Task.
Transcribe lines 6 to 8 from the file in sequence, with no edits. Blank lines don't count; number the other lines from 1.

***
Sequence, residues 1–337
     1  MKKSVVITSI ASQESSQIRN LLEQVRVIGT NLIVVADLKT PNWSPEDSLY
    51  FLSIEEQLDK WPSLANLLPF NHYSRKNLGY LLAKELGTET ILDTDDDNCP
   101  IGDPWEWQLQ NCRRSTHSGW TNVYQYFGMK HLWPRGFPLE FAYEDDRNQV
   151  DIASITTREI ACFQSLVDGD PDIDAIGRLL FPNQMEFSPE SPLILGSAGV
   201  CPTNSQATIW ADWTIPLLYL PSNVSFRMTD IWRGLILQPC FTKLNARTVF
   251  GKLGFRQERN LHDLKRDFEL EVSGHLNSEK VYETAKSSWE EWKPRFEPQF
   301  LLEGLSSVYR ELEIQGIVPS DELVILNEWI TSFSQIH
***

   201  CPTNSQATIW ADWTIPLLYL PSNVSFRMTD IWRGLILQPC FTKLNARTVF
   251  GKLGFRQERN LHDLKRDFEL EVSGHLNSEK VYETAKSSWE EWKPRFEPQF
   301  LLEGLSSVYR ELEIQGIVPS DELVILNEWI TSFSQIH